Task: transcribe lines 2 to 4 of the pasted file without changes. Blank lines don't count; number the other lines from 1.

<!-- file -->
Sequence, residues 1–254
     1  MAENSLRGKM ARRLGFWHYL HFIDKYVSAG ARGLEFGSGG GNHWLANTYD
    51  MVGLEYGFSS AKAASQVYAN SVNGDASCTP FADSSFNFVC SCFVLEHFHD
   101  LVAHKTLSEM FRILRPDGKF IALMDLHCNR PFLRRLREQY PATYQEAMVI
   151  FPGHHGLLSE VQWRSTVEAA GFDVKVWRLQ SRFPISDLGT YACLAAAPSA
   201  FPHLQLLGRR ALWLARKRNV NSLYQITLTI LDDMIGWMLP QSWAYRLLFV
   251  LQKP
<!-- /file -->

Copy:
     1  MAENSLRGKM ARRLGFWHYL HFIDKYVSAG ARGLEFGSGG GNHWLANTYD
    51  MVGLEYGFSS AKAASQVYAN SVNGDASCTP FADSSFNFVC SCFVLEHFHD
   101  LVAHKTLSEM FRILRPDGKF IALMDLHCNR PFLRRLREQY PATYQEAMVI